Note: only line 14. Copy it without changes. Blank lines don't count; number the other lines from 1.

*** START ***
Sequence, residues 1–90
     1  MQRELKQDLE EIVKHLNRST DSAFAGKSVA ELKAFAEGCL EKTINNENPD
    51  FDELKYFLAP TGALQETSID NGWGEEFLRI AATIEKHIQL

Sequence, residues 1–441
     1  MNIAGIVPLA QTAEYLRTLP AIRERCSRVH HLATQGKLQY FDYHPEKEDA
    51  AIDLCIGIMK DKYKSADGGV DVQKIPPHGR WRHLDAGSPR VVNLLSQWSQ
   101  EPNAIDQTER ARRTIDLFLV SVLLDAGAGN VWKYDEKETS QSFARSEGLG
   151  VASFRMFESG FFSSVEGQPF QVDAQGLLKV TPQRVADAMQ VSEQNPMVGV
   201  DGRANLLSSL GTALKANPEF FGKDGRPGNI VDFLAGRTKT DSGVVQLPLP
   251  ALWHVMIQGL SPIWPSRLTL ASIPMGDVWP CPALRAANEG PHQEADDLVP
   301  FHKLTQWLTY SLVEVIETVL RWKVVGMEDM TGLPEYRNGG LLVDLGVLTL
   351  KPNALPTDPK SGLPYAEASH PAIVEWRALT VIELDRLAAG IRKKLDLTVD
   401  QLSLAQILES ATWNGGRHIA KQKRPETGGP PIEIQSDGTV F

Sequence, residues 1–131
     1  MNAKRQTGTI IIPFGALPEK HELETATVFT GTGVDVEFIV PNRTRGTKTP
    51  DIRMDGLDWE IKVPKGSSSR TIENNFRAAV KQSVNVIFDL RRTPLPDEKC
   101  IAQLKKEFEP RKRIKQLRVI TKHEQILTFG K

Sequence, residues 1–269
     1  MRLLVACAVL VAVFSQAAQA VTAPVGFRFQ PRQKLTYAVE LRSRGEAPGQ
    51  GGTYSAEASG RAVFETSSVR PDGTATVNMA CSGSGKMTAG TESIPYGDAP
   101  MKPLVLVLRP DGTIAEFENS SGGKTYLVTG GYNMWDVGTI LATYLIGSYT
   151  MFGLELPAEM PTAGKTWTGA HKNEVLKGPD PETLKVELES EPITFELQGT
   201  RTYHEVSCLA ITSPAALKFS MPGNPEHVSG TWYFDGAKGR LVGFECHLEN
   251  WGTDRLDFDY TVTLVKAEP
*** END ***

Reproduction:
Sequence, residues 1–131